College Football

Scholarship offers keep rolling in for Cleveland High standout Sterling Johnson

cbest@newsobserver.comFebruary 2, 2014 

— Sterling Johnson already has college scholarships from some of the top college football programs in the country and before he signs next year experts believe he'll have 30 or 40 offers.

Clemson made the first offer last November. This winter there has been a steady parade of college coaches visiting the school and making offers.

The 6-foot-5, 275-pound Johnson has gotten offers from national champion Florida State, Ohio State and South Carolina within the last two weeks. They joined Florida, N.C. State, Virginia Tech, Florida State and Wake Forest.

“It all built slowly after the Clemson offer,” Johnson said. “We’d start to get a couple of coaches in there a week about mid-December and it’s really picked up in the last few weeks.”

The explosion of interest is nothing new when it comes to top prospects from North Carolina, according to Michael Clark, the Atlantic recruiting analyst for scout.com, which has Johnson rated as the No. 20 defensive line prospect nationally in the class of 2015.

“Sterling is a great player,” Clark said. “It just sometimes takes guys a little bit longer for the word to get out and their tape to make the rounds. … North Carolina talent is growing, with this year’s class and a 2015 class that is loaded, but it still takes some time for word to get out that these elite guys in the state can play on a national level.”

Johnson has tried to take the attention in stride and Cleveland coach Marc Morris raves about how level-headed he’s stayed through the process.

The junior standout used to spend about two hours a day playing a college football video game or watching TV. Now he spends that two hours juggling phone calls, texts, in-person visits and mail from the top football programs in the nation.

Johnson knows it is important that the analytical side take over as he prepares to make the biggest decision of his life so far. That’s why he’s started to watch and follow college teams differently with an eye on how he would fit in there.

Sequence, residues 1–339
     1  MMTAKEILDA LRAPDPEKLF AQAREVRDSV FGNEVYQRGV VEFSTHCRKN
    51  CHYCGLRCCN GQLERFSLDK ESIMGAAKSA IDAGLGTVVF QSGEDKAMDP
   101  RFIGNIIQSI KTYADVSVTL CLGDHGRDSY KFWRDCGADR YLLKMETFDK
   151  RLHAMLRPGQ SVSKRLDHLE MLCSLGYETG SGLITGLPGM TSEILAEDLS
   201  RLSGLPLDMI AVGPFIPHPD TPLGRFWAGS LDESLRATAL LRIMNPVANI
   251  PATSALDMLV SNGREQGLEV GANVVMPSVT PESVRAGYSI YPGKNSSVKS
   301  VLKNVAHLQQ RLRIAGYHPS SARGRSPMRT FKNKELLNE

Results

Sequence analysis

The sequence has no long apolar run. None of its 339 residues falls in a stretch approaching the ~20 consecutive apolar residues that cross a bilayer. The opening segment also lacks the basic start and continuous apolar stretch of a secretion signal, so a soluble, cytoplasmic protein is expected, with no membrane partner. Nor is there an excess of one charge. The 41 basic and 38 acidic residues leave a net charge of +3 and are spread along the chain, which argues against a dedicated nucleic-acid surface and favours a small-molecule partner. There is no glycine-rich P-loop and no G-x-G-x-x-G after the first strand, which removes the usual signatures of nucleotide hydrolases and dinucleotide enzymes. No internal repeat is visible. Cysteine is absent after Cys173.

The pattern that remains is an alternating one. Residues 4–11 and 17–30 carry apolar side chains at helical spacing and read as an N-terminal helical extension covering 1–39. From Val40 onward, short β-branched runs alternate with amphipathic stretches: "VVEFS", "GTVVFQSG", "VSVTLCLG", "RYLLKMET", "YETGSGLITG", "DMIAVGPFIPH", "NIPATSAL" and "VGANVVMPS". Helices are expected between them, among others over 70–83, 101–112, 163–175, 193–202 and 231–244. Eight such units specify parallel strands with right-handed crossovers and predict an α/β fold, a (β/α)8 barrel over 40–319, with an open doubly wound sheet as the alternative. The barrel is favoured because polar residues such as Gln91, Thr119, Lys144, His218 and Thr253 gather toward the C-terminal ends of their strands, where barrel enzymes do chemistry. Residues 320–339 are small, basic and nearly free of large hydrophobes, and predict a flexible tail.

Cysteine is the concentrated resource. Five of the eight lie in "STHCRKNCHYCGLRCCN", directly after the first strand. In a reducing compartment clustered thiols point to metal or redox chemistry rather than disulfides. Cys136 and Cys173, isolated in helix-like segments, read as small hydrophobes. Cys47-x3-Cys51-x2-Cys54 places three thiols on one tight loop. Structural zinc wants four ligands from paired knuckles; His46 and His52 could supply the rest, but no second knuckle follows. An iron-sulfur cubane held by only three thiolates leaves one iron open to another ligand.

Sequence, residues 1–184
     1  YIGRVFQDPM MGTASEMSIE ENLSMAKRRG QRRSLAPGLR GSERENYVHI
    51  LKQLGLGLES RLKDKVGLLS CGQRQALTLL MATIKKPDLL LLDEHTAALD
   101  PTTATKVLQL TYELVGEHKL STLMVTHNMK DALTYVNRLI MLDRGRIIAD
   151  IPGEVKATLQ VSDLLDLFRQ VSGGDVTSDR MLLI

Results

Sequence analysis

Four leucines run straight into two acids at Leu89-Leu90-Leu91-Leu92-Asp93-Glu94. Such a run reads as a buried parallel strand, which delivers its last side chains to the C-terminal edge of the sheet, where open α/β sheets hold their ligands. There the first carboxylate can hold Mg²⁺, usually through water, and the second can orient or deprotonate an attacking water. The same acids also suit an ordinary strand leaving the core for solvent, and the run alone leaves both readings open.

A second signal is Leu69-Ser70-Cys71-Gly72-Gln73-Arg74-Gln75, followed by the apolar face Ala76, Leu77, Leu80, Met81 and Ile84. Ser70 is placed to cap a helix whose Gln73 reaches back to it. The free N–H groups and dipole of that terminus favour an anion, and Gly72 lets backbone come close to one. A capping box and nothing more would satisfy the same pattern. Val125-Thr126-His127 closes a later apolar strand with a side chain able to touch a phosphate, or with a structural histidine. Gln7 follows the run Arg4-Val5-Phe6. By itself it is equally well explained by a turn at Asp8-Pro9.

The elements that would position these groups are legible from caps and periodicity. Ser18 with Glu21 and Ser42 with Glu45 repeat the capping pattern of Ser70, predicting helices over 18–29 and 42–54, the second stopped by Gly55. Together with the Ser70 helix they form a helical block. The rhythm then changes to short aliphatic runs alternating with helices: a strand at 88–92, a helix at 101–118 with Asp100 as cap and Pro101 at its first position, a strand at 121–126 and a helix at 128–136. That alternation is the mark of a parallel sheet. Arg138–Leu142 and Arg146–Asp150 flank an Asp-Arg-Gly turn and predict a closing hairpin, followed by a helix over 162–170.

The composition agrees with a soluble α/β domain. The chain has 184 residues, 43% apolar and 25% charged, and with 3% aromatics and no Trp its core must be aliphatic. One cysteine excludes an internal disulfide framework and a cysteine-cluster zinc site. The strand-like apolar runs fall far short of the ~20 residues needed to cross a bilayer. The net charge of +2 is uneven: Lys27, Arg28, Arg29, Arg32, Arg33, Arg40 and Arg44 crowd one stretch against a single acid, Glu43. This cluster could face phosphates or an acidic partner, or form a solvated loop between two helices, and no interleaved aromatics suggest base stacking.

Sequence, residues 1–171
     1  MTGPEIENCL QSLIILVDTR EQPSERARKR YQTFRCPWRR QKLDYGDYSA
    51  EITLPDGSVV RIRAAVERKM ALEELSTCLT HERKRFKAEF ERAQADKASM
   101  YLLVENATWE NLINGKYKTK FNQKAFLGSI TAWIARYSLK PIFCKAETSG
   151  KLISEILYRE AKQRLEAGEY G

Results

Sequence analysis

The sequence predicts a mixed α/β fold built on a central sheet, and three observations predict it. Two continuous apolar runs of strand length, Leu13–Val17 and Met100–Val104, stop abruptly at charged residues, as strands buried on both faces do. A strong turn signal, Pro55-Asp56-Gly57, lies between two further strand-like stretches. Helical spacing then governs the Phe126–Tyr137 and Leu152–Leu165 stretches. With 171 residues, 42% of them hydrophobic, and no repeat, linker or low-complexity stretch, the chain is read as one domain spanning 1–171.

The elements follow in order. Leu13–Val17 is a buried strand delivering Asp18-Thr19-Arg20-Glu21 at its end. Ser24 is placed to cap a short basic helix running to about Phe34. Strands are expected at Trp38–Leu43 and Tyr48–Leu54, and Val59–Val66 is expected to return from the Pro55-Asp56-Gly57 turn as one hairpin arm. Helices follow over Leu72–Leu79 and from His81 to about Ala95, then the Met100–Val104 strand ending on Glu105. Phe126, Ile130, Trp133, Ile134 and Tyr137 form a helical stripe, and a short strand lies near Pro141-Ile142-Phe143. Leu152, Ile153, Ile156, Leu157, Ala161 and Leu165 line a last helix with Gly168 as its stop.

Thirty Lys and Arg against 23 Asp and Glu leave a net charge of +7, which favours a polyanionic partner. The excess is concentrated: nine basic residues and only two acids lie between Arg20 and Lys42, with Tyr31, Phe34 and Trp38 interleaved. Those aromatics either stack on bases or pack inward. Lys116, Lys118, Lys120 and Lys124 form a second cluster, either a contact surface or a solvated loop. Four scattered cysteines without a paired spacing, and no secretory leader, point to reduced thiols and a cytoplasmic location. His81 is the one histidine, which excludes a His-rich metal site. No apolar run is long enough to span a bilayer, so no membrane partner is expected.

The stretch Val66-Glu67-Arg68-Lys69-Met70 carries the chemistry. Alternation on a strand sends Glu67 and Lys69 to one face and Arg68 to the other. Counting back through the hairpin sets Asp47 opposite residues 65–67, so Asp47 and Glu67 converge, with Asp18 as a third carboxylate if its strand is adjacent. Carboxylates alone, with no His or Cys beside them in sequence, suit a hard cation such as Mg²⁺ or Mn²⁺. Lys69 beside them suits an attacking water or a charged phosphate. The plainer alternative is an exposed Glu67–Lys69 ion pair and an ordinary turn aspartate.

“I watch the defensive schemes a lot more and how coaches coach during a game,” Johnson said. “I like seeing how teams react in a game. Like the Clemson comeback against Ohio State in the Orange Bowl when they were about to get blown out. Clemson responded well.”

When Clark looks at Johnson on tape he sees a player who will only get better.

“You watch so much film of big guys, but here’s a legit, 6-5, 270-ish-pound young man with a great frame, one you could put more weight on easily,” Clark said. “Sometimes you watch linemen on tape and they’re just big, but Sterling has that dominating size and he makes big plays consistently. The blend of size, quickness and his great hands set Sterling apart.”

When Johnson looks ahead to next season he wants to be better at making plays down the line of scrimmage.

“Like against Orange (a 59-50 loss in the second round of the 3AA playoffs), I was lined up at nose guard (across from the center) and I wasn’t quick enough to get to the edge to tackle guys on sweeps, around the end of the line,” Johnson said. “If my closing speed gets better, I’ll tackle better.”

Johnson’s goals for the 2014 high school season are simple: help lead Cleveland to a state championship and play in one of the All-American football games next January. If he reaches the second goal, Johnson says he will announce his college choice then.

Clark expects that to be quite a decision.

“I think his ranking is going to go up,” Clark said. “He’s a really high three-star guy but that could go up and up and up. He’s a great kid, student – like nine out of 10 of the guys in North Carolina are – so I’d fully expect him to have easily 30-40 scholarship offers.”

So Johnson has started to see how schools fit into his career path as well. He wants to go into sports broadcasting and seems to have the voice for it: a deep, confident but measured tone.

“I always felt like I’d play in college growing up,” Johnson said. “So if I could play in college, then end up working on College Game Day once football’s over, that would be ideal.”

Best: 919-524-8895; Twitter: @dclaybest

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